Fight Drought with Diet – What’s the Water Footprint of your Food?

This billboard about how to fight drought with diet appeared in
my neighborhood and brightened my day! If you care about the
planet, it’s time to take a hard look at what’s on your plate.

This billboard about how to fight drought with diet appeared in my neighborhood and brightened my day! If you care about the planet, it's time to take a hard look at what's on your plate.

This billboard – which I saw on my bike commute in San
Francisco – is a public art project and social media campaign
by Los Angeles-based artists Karen Fiorito and Alex Arinsberg,
focused on raising people’s awareness about how much water it
takes to produce meat and dairy as opposed to a plant-based
diet – with the hope that they would ‘shock’ some residents
into thinking differently about their diets. The billboards
were seen around LA in late 2015, and arrived in San Francisco
in late 2016 (I’m a bit late writing this post!).

The idea that meat is so directly related to drought is not
news to me or others in the vegan food scene, but it’s still (I
would suggest) a rather new and/or challenging concept for
others to accept.

I feel like this argument was never more clear than in the
debate that raged about two years ago about almonds: almost
overnight, it seems that almonds went from being everyone’s
favorite superfood to the scapegoat for the water issues facing
California. News channels dramatically covered the zillions
(approximately) of gallons of water almonds use during all
their growing stages, and derided the new acceptance of almond
milk as a dairy alternative.
Slate
referred to it as ‘almond-shaming.’
But you know what these commentators did not cover? The fact
that animal agriculture uses even more water than almonds.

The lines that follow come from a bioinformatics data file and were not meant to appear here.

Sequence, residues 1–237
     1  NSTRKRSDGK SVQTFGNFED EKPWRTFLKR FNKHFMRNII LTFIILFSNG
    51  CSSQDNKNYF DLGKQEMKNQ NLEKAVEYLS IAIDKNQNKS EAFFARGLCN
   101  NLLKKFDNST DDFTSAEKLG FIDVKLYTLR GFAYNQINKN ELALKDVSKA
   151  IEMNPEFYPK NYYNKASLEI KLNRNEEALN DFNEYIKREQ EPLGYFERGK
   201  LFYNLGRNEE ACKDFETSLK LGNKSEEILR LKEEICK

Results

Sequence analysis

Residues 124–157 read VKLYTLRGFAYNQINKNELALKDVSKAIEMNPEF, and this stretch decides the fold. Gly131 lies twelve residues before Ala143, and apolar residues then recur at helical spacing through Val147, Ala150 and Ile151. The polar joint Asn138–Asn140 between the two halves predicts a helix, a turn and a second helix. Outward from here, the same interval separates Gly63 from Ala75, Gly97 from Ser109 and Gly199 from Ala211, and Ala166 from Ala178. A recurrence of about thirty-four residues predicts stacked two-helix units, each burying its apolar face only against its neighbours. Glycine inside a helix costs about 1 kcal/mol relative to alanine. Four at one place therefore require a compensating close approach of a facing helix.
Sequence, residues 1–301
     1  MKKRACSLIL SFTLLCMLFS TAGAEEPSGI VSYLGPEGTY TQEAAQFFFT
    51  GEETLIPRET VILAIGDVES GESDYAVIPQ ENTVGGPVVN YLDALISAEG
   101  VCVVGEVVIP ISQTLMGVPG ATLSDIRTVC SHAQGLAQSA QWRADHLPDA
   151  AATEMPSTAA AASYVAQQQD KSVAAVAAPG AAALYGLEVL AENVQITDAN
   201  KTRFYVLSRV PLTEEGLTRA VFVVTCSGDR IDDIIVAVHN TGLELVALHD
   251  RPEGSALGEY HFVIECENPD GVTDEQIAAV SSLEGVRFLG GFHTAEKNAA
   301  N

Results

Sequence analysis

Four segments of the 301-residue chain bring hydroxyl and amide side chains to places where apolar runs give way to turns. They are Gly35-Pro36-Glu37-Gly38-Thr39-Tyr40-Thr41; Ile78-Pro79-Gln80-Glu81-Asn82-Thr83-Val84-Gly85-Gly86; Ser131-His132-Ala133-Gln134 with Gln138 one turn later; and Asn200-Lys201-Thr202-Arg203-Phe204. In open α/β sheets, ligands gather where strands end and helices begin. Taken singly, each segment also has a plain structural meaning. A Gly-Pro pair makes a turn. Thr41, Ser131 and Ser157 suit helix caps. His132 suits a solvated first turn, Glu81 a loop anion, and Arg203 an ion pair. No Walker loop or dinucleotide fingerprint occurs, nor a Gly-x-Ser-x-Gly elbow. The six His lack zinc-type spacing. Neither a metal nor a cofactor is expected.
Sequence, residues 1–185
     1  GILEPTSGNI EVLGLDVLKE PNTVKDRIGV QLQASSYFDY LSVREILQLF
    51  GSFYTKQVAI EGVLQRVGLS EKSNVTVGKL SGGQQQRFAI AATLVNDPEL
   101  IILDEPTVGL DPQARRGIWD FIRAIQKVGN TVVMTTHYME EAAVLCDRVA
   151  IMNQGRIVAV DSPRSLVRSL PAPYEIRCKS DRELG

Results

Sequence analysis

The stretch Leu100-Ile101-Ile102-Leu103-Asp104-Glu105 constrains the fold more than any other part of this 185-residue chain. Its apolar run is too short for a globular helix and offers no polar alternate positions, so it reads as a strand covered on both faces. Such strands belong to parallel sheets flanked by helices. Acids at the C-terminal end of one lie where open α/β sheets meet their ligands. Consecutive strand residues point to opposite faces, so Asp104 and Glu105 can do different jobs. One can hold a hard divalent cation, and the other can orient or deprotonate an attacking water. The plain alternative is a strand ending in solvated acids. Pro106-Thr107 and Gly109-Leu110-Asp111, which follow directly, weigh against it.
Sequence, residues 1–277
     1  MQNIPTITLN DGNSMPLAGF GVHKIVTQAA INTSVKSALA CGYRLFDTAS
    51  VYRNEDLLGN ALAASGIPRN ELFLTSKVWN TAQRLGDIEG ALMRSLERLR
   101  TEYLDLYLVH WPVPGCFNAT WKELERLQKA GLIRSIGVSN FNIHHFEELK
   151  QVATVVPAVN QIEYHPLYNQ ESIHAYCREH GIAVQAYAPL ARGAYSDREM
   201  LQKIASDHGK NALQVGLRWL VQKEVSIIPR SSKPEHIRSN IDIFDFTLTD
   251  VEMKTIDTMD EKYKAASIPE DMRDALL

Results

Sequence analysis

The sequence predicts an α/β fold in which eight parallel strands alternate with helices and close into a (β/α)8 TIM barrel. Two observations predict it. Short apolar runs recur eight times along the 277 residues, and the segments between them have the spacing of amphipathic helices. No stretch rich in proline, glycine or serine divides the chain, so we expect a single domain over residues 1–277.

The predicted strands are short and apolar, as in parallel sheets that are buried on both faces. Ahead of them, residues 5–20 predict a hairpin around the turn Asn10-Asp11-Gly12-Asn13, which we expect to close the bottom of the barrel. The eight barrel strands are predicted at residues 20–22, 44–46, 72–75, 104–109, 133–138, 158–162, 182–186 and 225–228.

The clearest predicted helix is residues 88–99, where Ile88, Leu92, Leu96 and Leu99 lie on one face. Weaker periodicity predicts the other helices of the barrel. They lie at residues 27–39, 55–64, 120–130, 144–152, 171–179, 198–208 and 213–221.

If you’re serious about trying to fight drought with diet, you
should be eating less (or no!) meat, not shaming poor,
defenseless almonds.

Last year, when this debate was raging, California was the
middle of a long drought –
10-15 years depending on who is estimating
. Aquifers across
the state were running low, straining the groundwater needed
for the huge population and growing all the food for the state
and for domestic and international sale.


Animal agriculture
is really just the worst for the planet
– this is now
a mainstream discussion
. And this is especially important
when it comes to water issues. In the same
Slate
article, Eric Holthaus writes that, “Almonds are
much more efficient water-users, per calorie, than dairy or
beef,” and that “Replacing a glass of cow’s milk with almond
milk is a net gain for the environment.” This doesn’t mean that
almonds have zero environmental impact: I was shocked to see
the amount of flooded orchards when I drove through the central
part of the state.

It was an extra rainy winter and spring, especially in Northern
California, which help alleviate some of the worst issues. But
as reported in
a new study
, movement towards a more plant-based diet is a
big issue when it comes to saving our productive farmland.
Though this study focused more on land-based environment
issues, their points are salient and are connected to water
concerns in that improvement in efficiency will help improve
runoff, manure issues, and general ecosystem health.

In the study, Michael Clark and David Tillman write,

“[For] all environmental indicators and nutritional units
examined, plant-based foods have the lowest environmental
impacts; eggs, dairy, pork, poultry, non-trawling fisheries,
and non-recirculating aquaculture have intermediate impacts;
and ruminant meat has impacts ~100 times those of plant-based
foods. Our analyses show that dietary shifts towards low-impact
foods and increases in agricultural input use efficiency would
offer larger environmental benefits than would switches from
conventional agricultural systems to alternatives such as
organic agriculture or grass-fed beef.”


WaterFootprint
shares stats on how much water some common
agricultural products (including animal food), and of course,
the biggest water users are meat and animal products, followed
by nuts.

To me this returns us to the adage that you can’t be a meat-eating
environmentalist
. I know this is a controversial statement
(and I have tons of friends that eat meat and are ardent
climate change activists), but once you start digging into the
facts of water issues,
runoff
,
rainforest clearing
, antibiotic use and increasing
human antibiotic resistance
… all these things up and it
becomes so abundantly clear that a meat-focused diet it truly a
path to a a less healthy future for us all.

image originally from PETA


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